your tax return, tax breaks — March 13, 2014

Choosing Your Deductions Carefully

by Bob Williams

medical expenses

To hear a lot of people talk, you’d think that doing our income taxes is a matter of being forced into doing this or the other. But many times, we have choices to make that determine what our tax bottom line will be. One of those choices concerns just how we want to figure our deductions.

While you have one big choice – whether to take the standard deduction or to itemize – there are a few considerations that go into each choice. And knowing what each option entails can lead to easier – and wiser – choices.

The Standard Deduction

If you do not itemize your deductions, the basic standard deduction depends on your filing status:

  • Single - $6,100
  • Married Filing Jointly - $12,200
  • Head of Household - $8,950
  • Married Filing Separately - $6,100
  • Qualifying Widow(er) - $12,200

The standard deduction is higher if you are 65 or older, or are blind. And if someone else can claim you as a dependent, that can limit the amount of your deduction.

If you would like to see what your standard deduction could do for you, use the IRS’ Interactive Tax Assistant Tool to help determine that bottom line.

The Itemized Approach

Itemizing deductions means adding up all your expenses for your proposed deduction. But there’s a bit of a catch: They have to add up to more than 10 percent of your Adjusted Gross Income (AGI). Less than that, and you have to use the standard deduction. That threshold used to be 7.5 percent, but that was boosted to 10 percent beginning in the 2013 tax year.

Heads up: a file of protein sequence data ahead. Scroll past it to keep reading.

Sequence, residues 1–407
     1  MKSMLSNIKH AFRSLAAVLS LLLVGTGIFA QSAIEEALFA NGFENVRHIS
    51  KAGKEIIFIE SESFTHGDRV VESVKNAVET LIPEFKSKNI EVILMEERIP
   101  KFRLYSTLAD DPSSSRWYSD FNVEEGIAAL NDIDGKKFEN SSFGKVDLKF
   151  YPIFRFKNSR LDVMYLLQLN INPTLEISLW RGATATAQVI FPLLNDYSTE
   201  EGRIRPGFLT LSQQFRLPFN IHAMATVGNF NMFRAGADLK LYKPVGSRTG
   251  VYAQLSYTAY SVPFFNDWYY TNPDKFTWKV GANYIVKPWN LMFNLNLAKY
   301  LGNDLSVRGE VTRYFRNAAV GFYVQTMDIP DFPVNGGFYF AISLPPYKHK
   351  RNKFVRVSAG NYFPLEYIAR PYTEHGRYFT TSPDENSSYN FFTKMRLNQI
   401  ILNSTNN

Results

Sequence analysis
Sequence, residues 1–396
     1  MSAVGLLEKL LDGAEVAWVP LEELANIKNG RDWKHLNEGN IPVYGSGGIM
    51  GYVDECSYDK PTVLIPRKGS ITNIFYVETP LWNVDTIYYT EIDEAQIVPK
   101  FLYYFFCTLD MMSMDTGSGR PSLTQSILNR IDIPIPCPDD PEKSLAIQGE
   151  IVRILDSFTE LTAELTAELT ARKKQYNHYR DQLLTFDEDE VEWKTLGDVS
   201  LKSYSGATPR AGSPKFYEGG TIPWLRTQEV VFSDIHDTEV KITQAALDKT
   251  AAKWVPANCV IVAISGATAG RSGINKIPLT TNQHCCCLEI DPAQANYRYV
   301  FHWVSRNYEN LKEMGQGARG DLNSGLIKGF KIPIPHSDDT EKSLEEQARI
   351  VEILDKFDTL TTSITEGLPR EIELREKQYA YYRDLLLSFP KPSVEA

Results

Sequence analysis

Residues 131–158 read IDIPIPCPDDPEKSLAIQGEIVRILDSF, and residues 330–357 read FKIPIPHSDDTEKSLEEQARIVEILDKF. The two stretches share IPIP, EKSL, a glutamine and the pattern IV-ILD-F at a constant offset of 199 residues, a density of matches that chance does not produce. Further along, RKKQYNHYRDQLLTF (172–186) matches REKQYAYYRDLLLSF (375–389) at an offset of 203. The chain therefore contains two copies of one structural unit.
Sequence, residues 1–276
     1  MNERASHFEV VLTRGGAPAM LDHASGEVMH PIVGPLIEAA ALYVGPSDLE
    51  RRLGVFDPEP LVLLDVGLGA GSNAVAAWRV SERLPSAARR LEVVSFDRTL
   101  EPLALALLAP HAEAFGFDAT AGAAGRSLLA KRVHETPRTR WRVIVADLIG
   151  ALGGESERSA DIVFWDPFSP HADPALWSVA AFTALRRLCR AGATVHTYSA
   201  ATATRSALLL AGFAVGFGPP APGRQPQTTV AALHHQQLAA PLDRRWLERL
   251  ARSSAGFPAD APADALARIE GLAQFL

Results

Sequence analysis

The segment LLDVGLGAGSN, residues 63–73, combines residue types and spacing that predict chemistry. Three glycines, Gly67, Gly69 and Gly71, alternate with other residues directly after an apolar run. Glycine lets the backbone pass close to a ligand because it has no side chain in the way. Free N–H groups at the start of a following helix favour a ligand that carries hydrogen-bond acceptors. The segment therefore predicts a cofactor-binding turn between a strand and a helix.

So, what qualifies for inclusion in itemized deductions? Generally, qualified expenses can include:

  • Home mortgage interest
  • State and local income or sales taxes (but not both)
  • Real estate and personal property taxes
  • Gifts to charities
  • Casualty of theft losses
  • Unreimbursed medical expense
  • Unreimbursed employee business expenses

As with most things taxish, special rules and limits apply. Your best point of reference for deductions is IRS Publication 17, the owner's manual for taxes.

Before making your choice on your income tax forms, it’s a good idea to figure your deductions using both the standard and itemized methods – and see which works best for you. The one that results in the higher deduction is often your best choice.

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